JewishEncyclopedia.com

The unedited full-text of the 1906 Jewish Encyclopedia
- Phrase search: "names of god"
- Exclude terms: "names of god" -zerah
- Volume/Page: v9 p419
- Diacritics optional: Ḥanukkah or hanukkah
- Search by Author: altruism author:Hirsch
search tips & recommendations

ABD-UL-ḤAMID II.:

Thirty-fourth Ottoman sultan; born Sept. 22, 1842; succeeded his brother, Murad V., Aug. 31, 1876. The Turkish Jews rightly regard his reign as the inauguration and guaranty of their prosperous condition in the Turkish empire. Abd-ul-Ḥamid always showed the greatest solicitude for their welfare; and he was the first Turkish sovereign to grant them equality before the law with their Mohammedan fellow citizens. On ascending the throne he ordered the payment of regular salaries to the chief rabbis of Turkey—giving them by that means the position of officials of state—and initiated the practise of sending to the chief rabbi of Constantinople every Passover the sum of 8,000 francs for distribution among the poor Jewish families of the Turkish capital. When, in 1881, the Cretan government refused to allow Jews to take part in the municipal elections, Abd-ul-Ḥamid annulled the elections and sharply admonished the authorities for their infringement of the rights of the Jews. When, by the terrible conflagration that occurred in the Jewish quarter, Haskeni, in 1882, six thousand Jewish families of Constantinople were left without shelter, Abd-ul-Ḥamid did everything in his power to relieve their distress. In 1883, when the sultan conferred the order of the Osmanie on the chief rabbi of Constantinople, Moses Levy, he expressed his sympathy for the Jews and his reprobation of the persecutions endured by them in many European countries. "As for me," he said, "I am very much satisfied with the Jewish officials for their activity and zeal; and I will in the future increase their number." As a result of this promise the entry of Jews to official life in Turkey is now less difficult than formerly. The Council of State includes one Jewish member, Behar Effendi Ashkenazi; in the diplomatic service there are about fifteen Jewish chancellors, consuls, and vice-consuls, representing Turkey abroad; at home a few Jews are at the head of provincial governments; while several have been honored with the title of pasha—a title that until lately was never bestowed upon Jews. Quite recently the sultan showed his kindly feelings toward his Hebrew subjects by permitting persecuted Rumanian Jews to settle in Asia Minor, granting them land and pecuniary aid.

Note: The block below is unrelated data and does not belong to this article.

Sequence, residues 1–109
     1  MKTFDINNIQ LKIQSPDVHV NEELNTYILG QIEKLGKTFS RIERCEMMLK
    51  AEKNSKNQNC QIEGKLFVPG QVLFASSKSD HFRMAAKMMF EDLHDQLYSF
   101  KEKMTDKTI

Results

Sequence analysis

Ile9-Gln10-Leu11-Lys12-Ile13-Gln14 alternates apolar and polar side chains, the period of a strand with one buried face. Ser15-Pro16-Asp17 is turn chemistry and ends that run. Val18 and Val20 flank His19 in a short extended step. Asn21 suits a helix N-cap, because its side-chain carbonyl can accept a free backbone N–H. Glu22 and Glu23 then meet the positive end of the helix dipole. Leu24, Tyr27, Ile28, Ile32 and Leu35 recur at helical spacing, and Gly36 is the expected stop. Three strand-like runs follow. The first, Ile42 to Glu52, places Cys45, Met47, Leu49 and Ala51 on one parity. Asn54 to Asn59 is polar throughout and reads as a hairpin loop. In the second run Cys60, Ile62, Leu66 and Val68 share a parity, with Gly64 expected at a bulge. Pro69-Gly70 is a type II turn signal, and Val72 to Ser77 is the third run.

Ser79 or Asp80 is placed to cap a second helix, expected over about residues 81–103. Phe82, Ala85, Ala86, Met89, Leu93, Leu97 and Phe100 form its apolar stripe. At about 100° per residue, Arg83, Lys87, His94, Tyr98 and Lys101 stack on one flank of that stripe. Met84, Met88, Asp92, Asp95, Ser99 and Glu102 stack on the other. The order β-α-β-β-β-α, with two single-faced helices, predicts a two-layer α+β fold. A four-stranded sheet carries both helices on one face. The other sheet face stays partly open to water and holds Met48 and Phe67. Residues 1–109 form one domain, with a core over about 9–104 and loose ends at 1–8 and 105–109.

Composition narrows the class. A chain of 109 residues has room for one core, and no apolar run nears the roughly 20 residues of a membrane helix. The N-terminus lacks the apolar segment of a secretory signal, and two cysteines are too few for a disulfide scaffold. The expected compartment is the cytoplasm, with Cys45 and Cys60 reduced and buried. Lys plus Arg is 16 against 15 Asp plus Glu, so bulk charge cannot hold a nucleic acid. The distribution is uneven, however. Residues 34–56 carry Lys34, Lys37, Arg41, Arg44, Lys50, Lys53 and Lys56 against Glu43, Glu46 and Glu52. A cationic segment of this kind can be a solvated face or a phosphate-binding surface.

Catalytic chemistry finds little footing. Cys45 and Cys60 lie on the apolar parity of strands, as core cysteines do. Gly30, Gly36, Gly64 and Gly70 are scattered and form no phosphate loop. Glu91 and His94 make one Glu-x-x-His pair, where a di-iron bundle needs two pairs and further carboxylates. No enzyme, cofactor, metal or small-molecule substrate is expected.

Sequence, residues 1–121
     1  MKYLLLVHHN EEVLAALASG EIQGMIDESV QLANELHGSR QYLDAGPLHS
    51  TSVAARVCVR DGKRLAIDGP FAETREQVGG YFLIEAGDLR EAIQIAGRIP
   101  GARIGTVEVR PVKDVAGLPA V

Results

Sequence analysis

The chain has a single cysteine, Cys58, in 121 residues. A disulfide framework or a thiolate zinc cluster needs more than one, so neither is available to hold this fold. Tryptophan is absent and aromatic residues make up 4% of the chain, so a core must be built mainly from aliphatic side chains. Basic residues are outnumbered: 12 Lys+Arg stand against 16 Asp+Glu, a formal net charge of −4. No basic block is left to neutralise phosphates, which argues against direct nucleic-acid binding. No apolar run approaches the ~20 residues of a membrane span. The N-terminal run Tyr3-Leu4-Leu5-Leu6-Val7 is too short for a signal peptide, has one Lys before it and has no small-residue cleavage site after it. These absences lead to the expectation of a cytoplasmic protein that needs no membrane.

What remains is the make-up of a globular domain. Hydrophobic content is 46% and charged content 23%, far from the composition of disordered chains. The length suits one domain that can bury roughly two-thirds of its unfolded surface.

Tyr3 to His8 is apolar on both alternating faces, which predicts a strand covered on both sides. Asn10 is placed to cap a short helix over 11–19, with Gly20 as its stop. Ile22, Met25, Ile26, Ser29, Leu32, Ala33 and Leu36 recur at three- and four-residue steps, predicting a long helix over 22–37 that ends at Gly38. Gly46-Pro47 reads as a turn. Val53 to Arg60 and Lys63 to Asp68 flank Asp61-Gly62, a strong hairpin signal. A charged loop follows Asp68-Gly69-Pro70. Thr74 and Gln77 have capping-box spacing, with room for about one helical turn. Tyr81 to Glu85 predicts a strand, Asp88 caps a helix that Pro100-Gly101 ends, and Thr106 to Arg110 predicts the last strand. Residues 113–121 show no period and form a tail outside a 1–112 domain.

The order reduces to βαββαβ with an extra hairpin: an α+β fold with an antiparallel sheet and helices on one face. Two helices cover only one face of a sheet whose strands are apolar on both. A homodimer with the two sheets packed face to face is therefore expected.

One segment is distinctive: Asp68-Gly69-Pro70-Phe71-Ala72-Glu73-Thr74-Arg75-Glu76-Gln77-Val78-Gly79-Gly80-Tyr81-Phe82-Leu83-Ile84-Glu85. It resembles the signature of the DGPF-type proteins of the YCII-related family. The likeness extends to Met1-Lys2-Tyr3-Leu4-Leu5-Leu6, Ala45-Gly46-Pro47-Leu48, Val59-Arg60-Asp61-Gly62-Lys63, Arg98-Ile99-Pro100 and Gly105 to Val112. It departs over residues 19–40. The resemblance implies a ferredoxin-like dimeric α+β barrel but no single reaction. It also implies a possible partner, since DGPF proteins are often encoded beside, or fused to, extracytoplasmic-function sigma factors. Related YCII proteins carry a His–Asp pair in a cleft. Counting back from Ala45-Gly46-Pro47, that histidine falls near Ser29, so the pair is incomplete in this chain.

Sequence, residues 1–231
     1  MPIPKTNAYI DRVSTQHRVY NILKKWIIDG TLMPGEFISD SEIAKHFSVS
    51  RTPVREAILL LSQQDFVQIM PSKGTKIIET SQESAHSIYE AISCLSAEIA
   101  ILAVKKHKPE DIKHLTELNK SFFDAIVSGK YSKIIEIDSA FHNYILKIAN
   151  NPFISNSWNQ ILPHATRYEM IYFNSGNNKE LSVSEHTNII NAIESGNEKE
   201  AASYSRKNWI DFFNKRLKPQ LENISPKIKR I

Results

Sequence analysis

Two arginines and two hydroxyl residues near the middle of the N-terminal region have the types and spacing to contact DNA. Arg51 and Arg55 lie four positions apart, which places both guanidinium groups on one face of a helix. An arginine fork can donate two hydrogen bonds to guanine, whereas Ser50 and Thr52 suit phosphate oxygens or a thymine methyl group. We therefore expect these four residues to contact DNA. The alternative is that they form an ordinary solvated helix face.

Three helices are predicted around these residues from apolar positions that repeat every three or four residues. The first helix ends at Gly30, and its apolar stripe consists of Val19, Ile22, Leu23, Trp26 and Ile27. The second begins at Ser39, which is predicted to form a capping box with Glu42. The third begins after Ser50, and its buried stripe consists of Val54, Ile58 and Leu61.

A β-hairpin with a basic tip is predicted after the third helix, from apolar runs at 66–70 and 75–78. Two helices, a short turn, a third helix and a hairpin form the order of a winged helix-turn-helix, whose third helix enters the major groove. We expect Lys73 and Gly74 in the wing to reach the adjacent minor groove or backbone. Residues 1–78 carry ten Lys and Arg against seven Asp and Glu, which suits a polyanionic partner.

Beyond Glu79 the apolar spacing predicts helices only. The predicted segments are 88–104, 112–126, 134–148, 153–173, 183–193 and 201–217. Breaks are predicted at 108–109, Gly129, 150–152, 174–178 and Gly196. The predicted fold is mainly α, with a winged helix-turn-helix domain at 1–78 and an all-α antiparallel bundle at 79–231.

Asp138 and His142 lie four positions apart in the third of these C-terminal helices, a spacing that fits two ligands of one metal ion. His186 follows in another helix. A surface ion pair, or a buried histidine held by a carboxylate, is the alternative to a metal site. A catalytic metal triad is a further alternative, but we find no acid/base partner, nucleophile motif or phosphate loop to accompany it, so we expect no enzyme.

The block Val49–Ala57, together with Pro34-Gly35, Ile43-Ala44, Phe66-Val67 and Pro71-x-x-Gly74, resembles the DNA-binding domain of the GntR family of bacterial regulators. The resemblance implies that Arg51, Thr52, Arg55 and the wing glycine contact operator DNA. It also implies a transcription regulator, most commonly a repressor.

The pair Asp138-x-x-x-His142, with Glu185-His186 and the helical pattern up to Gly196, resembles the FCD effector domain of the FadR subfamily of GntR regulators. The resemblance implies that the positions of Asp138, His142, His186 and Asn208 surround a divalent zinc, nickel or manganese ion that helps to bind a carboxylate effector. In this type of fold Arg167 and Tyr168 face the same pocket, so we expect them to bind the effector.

Bibliography:
  • Bulletin de l'Alliance Israélite Universelle, 1883, part 2;
  • Archives Israélites, Sept. 20, 1900, pp. 909-910.
I. Br.
Images of pages